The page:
Alice Macqueen – portrait artist

IMG_2578As people passed Alice Macqueen’s paintings at the Peak District Artisans’ July fair in Buxton there were audible gasps.

You could hear other artists and visitors alike whispering and asking who was behind the work

When they found out Alice was still a student about to get her exam results and planning to head to university this autumn they were even more impressed.

The teenager was one of the two runners up in the artisans’ Young Artist of the Year competition and part of her prize was to get exposure at the show.

The painting catching everyone’s attention was a large portrait of an elderly gentleman Alice had first seen on the streets of her home town of Ilkeston, which she had painted on brown paper (pictured above).

It was part of her coursework and before she entered it in the Buxton event she had already had critical acclaim from her tutors and success at the Derby University’s New Creatives competition in the spring.

“Obviously I am really, really pleased the painting has received so much attention. It has given me a lot of confidence and encouraged me to work on portraiture,” said Alice.

She worked part time at the Dragonflies craft shop in Ilkeston’s Bath Street and it was her boss who suggested she entered the artisans contest.

“She saw it on Twitter and said I should give it a go. I didn’t think I would win anything but I knew the experience would be worth it and it certainly was a very useful weekend.”

Alice’s tutor at Ormiston Ilkeston Academy deserves congratulations for encouraging the young artist with her painting and especially portraiture.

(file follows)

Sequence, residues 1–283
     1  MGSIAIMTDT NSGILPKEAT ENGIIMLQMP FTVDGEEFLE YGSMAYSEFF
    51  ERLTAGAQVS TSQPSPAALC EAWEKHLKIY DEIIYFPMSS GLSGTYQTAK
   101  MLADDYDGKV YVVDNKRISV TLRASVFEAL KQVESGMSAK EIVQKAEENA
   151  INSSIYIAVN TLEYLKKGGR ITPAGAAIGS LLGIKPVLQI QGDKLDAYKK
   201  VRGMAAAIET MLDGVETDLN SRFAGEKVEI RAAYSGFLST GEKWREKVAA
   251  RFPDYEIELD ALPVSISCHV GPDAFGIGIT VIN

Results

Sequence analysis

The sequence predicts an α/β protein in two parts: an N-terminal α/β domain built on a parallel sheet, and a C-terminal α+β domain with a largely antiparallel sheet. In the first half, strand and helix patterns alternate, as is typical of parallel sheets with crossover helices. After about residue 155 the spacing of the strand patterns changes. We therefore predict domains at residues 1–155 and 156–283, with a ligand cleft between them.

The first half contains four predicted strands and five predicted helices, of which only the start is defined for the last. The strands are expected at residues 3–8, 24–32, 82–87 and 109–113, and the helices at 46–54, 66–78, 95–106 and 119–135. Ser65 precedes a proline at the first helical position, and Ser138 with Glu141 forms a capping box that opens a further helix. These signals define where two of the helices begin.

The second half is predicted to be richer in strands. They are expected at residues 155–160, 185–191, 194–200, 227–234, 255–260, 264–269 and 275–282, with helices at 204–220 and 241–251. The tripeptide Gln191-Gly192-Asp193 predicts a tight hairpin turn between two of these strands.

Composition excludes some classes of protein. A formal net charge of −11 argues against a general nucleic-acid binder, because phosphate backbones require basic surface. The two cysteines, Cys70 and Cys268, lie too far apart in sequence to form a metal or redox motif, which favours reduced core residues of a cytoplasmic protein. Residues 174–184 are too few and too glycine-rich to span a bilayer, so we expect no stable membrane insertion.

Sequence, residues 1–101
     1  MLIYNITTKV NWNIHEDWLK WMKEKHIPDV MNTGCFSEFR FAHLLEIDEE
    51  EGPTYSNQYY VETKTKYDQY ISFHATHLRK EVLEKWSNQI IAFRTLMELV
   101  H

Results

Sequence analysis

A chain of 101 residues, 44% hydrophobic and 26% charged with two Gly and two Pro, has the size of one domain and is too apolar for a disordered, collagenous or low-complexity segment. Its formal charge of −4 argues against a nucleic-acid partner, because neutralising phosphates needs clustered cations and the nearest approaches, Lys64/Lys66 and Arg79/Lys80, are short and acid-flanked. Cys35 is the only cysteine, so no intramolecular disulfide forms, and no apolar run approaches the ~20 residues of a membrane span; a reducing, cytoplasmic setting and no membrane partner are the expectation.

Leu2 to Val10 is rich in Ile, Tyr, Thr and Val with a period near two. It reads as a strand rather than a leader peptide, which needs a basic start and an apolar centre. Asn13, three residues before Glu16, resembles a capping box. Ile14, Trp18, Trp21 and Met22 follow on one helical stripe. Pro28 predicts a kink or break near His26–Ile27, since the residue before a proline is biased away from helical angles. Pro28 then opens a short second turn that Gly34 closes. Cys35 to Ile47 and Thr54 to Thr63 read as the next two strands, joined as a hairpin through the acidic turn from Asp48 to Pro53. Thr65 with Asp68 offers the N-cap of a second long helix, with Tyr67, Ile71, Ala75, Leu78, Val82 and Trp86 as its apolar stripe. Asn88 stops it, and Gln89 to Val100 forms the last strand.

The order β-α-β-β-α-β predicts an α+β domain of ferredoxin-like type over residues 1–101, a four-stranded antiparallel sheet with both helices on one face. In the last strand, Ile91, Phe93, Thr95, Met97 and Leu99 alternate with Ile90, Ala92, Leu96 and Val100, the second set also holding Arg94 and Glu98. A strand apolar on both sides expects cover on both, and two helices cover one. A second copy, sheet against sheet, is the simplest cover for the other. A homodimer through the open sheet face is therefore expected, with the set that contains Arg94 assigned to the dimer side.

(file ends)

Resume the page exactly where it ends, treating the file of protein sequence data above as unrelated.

Alice has always been a creative child and took art as a GCSE but then she was persuaded to study a BTEC extended diploma in art and design by Sarah Griffiths who had clearly spotted her potential.

“I was considering fashion and textiles but when Sarah saw what I could do she practically gave me one-to-one tuition and pushed me in the right direction. One of the most inspirational things she did was to organise a school trip to see a Jenny Saville exhibition at Oxford.

“When we got there she stood with me front of one of Jenny’s paintings and said ‘you could do this’. It was a real light bulb moment for me.”

Jenny Saville is an internationally renowned figurative artist whose works are usually much larger than life size.

One problem for the student was that the school did not provide paper larger than A1 so that was when she made the inspired decision to use a roll of brown paper she had picked up at a car boot sale.

“I bought it thinking I would use it for something one day but had never thought of painting on it until then. It has worked really well for me and helped me with what I was trying to achieve,” she said.

“I had seen Peter (the man in the painting) outside Wilkinson’s with his bike a few times and spotted the character in his face. Eventually I plucked up the courage to ask him if I could take his picture and painted him from the photograph. He has since found out about the painting and phoned the school and asked to see it. We have been in touch and he really likes it.”

Alice has now set off to study fine art at Birmingham City University.

“I just can’t wait to get started at university. I love what I have been doing and can’t see myself doing anything else at this stage,” she said.

With another three years of studying and mentoring behind her she will certainly be one to watch out for in the future.